Medicaid, Medicare, nursing homes, Social Security, assisted living, guardianships, wills, trusts, Part D, donut holes, Medigap . . . and on . . . and on . . .
Before Janis Mason, Bob’s mother, died at age 104 observed (more than once) that “getting old is not for sissies!”
She was right. In addition to the usual physical and medical uncertainties, a vast array of legal and regulatory issues may seem insurmountable and can challenge the toughest souls.
We at Mason Law cannot fix everything, but there are some things we’re very good at fixing.
- How will my husband manage without me?
Answer: Careful planning with wills and trusts.
- How can we afford a nursing home if we need one?
Answer: Elder Law and Medicaid Planning (we’re experts).
- Will we lose everything?
Answer: Certainly not (at least if we have anything to do with it!).
- Should I give everything to the kids?
Answer: NO! An irrevocable Medicaid trust may be the answer.
- Why won’t Medicare pay all my medical bills?
Answer: Probably not. Explore your options with us.
How do we do it? With over 33 years’ legal experience devoted to wills, trusts, asset protection, Medicaid planning, Medicare, estates and other legal issues involved in elder law. Bob is a noted authority on advanced trust planning, including tax issues with grantor trusts, Medicaid irrevocable trusts, and other elder law asset protection techniques.
It’s called Elder Law.
That is what we do at Mason Law.
Bob Mason, a two-time past Chair of the Elder Law Section of the North Carolina Bar Association, and a North Carolina Board Certified Specialist in Elder Law, not to mention a Certified Elder Law Attorney by the National Elder Law Foundation, is used to “thinking outside the box.” By being an expert on what goes on “inside the box” we can devise creative solutions for you and your family.
Bob is also recognized as an elder law expert on advanced trust and other planning techniques that will assist you or your loved ones to retain the dignity and security that is your due.
We urge you to have a look around at the various articles and information listed to the immediate right of this screen, or run a search (in the upper right hand corner), and we believe you’ll agree that you have come to the right place!
What We Do: Elder Law Case Studies
The following are a few typical examples of the elder law cases we handle. Of course names and a few “give away” facts have been changed.
Elder Law Case Study #1
Maxwell and Sally Smart have been married 60 years and have two adult children. Max, 83, suffers from severe diabetes and is blind. Doctors told Max that his move to a nursing home is inevitable. Sally, 82, is in the early stages of Alzheimer’s disease.
In a teleconference with Don Smart, Max’s and Sally’s son in California, Bob learned that Max and Sally own a 200 acre farm that has been in Sally’s family for several generations. They live in a modest ranch-style home they built in 1963 in town, and have about $300,000 in liquid assets.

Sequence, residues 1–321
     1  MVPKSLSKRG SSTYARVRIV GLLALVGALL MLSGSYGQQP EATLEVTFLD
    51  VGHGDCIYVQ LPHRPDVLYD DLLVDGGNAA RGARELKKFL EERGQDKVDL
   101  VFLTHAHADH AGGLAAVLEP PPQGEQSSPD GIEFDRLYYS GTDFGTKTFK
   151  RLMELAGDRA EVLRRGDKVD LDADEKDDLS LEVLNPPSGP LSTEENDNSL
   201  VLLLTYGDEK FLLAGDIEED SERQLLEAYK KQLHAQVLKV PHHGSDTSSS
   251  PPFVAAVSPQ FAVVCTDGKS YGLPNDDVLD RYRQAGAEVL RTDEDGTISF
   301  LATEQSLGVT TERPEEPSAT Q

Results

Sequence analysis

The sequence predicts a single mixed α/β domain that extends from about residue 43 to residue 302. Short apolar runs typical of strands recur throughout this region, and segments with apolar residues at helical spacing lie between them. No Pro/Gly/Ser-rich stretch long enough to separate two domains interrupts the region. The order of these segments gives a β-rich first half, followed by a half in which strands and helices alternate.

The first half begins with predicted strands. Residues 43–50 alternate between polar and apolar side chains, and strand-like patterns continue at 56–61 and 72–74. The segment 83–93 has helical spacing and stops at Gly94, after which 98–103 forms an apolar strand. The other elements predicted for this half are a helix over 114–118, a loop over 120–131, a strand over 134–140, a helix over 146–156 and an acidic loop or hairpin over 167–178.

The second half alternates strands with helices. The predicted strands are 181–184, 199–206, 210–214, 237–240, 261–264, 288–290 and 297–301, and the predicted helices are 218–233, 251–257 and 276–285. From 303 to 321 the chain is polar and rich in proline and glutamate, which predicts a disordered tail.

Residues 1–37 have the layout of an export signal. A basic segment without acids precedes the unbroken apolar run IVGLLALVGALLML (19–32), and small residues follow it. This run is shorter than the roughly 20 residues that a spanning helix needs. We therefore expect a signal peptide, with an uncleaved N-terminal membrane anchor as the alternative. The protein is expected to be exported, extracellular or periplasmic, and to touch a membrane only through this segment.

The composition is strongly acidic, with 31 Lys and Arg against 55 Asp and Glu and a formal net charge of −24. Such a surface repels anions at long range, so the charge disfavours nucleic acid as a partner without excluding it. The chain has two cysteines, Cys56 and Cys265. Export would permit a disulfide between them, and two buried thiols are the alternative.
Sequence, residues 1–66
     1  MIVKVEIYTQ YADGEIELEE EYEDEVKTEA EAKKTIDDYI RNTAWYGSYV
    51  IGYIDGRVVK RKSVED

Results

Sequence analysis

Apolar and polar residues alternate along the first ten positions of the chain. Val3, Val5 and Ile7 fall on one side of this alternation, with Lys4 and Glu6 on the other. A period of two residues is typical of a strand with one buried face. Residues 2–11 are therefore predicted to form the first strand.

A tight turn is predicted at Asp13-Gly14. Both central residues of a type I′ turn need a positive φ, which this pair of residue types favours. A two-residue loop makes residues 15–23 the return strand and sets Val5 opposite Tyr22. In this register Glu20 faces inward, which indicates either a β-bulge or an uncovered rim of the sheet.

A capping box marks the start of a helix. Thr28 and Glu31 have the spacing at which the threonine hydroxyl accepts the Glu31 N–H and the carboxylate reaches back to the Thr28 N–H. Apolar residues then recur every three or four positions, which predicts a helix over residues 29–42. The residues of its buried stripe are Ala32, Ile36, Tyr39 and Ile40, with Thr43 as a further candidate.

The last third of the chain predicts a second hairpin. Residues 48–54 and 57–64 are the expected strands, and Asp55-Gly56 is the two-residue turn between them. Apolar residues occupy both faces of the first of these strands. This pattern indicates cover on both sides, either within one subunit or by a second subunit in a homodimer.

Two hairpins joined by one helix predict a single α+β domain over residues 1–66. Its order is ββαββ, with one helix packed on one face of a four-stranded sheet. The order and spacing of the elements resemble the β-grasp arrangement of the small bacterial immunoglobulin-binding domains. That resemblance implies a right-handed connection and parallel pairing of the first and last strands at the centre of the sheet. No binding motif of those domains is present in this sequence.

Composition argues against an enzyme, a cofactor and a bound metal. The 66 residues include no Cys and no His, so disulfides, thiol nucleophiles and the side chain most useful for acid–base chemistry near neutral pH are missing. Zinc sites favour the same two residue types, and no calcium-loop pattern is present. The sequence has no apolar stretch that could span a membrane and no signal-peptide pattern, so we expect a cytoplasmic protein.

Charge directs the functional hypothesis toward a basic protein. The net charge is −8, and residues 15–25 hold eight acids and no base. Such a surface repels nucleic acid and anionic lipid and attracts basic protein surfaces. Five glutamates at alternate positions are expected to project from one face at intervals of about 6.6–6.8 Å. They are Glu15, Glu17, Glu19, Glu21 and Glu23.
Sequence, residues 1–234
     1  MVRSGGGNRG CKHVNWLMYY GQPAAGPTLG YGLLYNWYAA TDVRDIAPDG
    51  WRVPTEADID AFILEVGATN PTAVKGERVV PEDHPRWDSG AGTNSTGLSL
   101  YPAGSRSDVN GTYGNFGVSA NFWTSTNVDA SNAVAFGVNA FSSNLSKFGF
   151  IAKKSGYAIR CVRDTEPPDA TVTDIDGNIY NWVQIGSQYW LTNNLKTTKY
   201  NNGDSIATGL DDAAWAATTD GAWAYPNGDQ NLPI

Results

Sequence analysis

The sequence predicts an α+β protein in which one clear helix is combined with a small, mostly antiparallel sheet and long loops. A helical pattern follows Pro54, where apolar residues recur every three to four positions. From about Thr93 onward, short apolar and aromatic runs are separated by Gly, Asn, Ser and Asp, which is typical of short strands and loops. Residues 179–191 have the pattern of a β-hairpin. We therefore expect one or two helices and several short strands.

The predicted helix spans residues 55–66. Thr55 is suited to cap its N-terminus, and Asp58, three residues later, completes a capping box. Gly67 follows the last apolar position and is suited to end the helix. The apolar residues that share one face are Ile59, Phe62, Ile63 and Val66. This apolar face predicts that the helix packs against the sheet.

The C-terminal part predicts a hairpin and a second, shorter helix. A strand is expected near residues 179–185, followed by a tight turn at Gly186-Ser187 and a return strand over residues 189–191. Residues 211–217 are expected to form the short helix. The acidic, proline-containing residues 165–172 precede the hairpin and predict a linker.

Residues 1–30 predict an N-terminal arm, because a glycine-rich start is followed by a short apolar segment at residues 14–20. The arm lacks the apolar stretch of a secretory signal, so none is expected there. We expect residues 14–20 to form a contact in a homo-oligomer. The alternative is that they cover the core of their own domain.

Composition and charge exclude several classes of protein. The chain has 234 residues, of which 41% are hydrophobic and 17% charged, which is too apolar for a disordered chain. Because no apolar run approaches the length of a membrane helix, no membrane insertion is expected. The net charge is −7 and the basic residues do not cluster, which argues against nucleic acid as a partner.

Max, Sally and the children are concerned about (i) financing Max’s imminent nursing home stay, (ii) providing for the surviving spouse (they all seem to think Max will die first, but they don’t know for sure), and (iii) protecting the family farm as a family legacy.
Bob mapped out an elder law plan for Don’s parents during the teleconference, and suggested that Alice (Don’s sister) bring Max and Sally in to the office for a meeting. Don could join by teleconference.
Later, Max and Sally agreed to the overall plan and asked Alice and Don to work with Bob to implement the plan.
- Max qualified for Medicaid immediately,
- Sally had full access to $100,000 immediately (and to the other $200,000 in less than a year),
- Their home and family farm will be completely protected from estate recovery,
- Upon the death of either Max or Sally everything they worked hard for will remain protected and the survivor of them will immediately qualify for Medicaid (which was important for the Smarts because they were concerned about Sally’s continuing care after Max’s death).
Elder Law Case Study #2
Gladys Johnston, 79, has Parkinson’s disease and lives in an assisted living facility. She owns a home and has $150,000 in certificates of deposit. She has monthly Social Security Income of $1,400 and a monthly pension of $900. She pays the assisted living facility $3,000 monthly. Gladys’ only child died many years ago, but she has two grandchildren with whom she maintains a close (‘more like Mom”) relationship. Her late husband Albert served in the Army from 1950 to 1955. Gladys’ Parkinson’s disease is progressing and her physician has said she may need nursing home level of care in the next 18 to 24 months.
Gladys’ grandson Chip is a successful accountant. Her granddaughter Rita is an RN, but due to serious health problems is not working and is on Social Security Disability Income. Rita is divorced with two teenage children. Chip and Rita are close.
Bob developed an elder law plan.
With the enthusiastic consent of all, Gladys established a “sole benefit” trust for Rita that would provide great flexibility for distributions to Rita. Gladys’ distributed $100,000 to the trust and retained $50,000. Now qualified for monthly VA Aid and Attendance benefits of $1,056, she now has more than enough income to pay the assisted living facility without “dipping into” the $50,000 retained.
Gladys’ also executed a power of attorney that authorized Chip to transfer the home and remaining cash into the sole benefit trust for Rita. Because transfers to the sole benefit trust are not Medicaid sanctioned transfers, Gladys will qualify for Medicaid immediately if she needs to move to a nursing home.